Communication between Windows Services and Applications in Windows Vista and higher

Hello everyone,

If you are trying to migrate a Windows service that communicates with other applications via window messages to Windows Vista or higher (Vista, Server 2008 (+ R2), 7), or if you are implementing a new service, please remember: Windows Vista introduced a new concept called "Session 0 Isolation"!

Have a look at the following quote from the paper published here:

In Windows® XP, Windows Server® 2003, and earlier versions of the Windows operating system, all services run in the same session as the first user who logs on to the console. This session is called Session 0. Running services and user applications together in Session 0 poses a security risk because services run at elevated privilege and therefore are targets for malicious agents who are looking for a way to elevate their own privilege level.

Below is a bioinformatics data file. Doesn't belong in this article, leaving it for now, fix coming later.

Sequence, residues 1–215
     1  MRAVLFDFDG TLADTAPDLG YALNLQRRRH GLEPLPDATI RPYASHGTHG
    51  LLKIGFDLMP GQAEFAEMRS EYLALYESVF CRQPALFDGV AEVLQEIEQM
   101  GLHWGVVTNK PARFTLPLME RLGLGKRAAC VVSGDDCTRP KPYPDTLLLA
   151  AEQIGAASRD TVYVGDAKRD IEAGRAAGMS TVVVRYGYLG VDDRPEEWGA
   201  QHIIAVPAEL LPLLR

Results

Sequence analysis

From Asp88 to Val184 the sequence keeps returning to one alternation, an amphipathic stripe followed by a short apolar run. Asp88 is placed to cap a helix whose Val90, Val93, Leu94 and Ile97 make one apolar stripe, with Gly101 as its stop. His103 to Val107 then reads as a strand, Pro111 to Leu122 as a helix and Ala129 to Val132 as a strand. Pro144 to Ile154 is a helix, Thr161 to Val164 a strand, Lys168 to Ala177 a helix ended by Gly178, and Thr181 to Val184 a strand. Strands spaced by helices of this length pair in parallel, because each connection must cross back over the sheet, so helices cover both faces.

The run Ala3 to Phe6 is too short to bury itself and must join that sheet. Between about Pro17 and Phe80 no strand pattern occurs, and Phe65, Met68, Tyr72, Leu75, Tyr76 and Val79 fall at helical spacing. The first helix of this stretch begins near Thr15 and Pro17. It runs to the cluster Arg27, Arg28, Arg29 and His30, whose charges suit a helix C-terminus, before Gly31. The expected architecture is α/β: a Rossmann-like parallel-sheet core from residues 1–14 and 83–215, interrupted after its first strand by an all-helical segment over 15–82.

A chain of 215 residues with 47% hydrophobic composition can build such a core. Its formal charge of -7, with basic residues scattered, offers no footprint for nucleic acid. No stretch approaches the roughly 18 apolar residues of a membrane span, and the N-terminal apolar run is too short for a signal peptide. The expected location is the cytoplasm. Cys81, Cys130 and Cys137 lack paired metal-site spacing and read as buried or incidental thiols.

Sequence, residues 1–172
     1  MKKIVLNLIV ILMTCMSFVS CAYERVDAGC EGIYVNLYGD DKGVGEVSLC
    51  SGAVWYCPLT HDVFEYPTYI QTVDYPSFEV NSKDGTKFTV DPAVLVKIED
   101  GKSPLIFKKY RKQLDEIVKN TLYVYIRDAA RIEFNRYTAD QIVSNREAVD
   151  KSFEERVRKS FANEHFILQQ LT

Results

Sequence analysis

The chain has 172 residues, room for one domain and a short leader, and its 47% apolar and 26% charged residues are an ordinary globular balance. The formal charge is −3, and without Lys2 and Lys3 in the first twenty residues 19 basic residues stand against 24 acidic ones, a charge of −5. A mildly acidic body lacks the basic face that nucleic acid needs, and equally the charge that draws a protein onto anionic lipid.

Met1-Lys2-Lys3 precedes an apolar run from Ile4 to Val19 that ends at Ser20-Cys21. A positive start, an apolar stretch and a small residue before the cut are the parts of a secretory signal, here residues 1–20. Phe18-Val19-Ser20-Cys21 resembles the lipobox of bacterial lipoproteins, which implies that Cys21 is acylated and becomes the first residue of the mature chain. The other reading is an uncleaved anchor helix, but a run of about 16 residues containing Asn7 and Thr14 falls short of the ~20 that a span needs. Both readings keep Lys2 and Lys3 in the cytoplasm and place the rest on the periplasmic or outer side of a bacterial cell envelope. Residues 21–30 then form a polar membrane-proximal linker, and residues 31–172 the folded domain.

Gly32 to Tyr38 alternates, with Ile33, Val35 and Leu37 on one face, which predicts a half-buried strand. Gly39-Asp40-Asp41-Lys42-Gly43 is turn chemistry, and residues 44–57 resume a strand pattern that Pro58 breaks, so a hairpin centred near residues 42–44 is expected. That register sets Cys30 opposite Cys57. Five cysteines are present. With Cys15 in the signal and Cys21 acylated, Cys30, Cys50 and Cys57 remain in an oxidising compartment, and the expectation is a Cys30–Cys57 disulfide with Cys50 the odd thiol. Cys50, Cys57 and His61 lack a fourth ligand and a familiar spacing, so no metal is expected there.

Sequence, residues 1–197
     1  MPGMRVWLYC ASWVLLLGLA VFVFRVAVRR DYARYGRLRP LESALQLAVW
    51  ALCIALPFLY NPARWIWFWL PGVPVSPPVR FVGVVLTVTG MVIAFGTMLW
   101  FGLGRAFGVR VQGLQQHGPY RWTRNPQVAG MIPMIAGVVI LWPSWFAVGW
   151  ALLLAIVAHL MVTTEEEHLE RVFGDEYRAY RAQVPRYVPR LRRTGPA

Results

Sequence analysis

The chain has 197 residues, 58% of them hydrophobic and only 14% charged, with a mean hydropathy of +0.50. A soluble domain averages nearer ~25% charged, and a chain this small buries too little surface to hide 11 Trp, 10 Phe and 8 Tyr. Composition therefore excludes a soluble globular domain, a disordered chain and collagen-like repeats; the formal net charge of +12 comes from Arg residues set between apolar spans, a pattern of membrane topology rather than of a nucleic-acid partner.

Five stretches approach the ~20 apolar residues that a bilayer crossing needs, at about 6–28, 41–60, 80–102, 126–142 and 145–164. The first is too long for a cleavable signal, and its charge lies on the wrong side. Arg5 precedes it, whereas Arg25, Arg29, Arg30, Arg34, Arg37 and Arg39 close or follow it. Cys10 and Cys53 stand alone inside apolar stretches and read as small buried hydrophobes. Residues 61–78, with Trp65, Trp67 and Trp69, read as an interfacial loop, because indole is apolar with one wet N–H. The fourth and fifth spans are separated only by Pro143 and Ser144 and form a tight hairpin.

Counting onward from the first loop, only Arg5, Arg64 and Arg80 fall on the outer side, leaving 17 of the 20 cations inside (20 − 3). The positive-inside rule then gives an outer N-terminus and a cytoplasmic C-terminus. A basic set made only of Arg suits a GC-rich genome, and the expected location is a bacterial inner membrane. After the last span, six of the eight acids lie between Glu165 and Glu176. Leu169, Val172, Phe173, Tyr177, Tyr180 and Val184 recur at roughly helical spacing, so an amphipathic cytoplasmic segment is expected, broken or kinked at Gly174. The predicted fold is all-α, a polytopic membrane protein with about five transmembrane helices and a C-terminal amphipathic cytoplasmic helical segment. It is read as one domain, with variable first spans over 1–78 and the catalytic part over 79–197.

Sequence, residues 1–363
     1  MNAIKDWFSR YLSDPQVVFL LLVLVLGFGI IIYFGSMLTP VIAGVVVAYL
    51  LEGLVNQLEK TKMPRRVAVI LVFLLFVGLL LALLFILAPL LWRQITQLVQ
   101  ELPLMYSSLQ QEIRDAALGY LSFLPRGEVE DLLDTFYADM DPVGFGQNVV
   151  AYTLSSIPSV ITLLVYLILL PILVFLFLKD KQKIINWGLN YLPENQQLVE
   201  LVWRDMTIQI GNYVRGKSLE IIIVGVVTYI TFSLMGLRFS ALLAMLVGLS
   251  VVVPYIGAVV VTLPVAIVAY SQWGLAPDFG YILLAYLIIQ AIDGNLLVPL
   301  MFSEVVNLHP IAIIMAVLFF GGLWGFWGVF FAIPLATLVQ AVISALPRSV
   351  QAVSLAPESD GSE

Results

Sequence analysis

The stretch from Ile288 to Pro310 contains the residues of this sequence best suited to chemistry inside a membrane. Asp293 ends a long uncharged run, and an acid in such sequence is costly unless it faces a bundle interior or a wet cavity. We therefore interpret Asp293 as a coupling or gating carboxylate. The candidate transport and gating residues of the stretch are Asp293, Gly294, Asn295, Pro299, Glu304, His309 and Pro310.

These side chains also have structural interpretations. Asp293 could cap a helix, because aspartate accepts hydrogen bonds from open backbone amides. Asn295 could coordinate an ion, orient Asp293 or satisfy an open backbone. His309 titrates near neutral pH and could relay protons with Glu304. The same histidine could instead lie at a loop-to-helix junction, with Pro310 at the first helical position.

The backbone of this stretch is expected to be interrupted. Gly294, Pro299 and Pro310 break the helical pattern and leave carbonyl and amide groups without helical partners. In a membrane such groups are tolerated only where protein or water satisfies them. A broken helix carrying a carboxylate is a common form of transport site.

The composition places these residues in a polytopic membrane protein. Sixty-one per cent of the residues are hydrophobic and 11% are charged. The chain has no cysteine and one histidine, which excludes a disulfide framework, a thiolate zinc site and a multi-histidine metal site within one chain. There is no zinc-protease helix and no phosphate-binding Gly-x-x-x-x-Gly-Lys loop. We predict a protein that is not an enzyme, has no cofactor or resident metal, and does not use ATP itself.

In Windows Vista®, Windows Server 2008, and later versions of Windows, the operating system mitigates this security risk by isolating services in Session 0 and making Session 0 noninteractive. Only system processes and services run in Session 0. The first user logs on to Session 1, and subsequent users log on to subsequent sessions. This means that services never run in the same session as users’ applications and are therefore protected from attacks that originate in application code.


This has the following consequence:

A service tries to use window message functions such as SendMessage and PostMessage to communicate with an application. This does not work because the application is running in a different session and therefore has a different message queue. The messages never arrive at their destination. The same is true for applications that try to communicate with services through window messages.


Starting from Windows Vista, services are not able to communicate with applications via window messages anymore!

The paper also suggests alternatives to window messages:

Use a client/server mechanism such as remote procedure call (RPC) or named pipes rather than window messages to communicate with applications.


I hope this was useful to anyone. Many people are not aware of the session 0 isolation and don't expect this behavior.


Helge Mahrt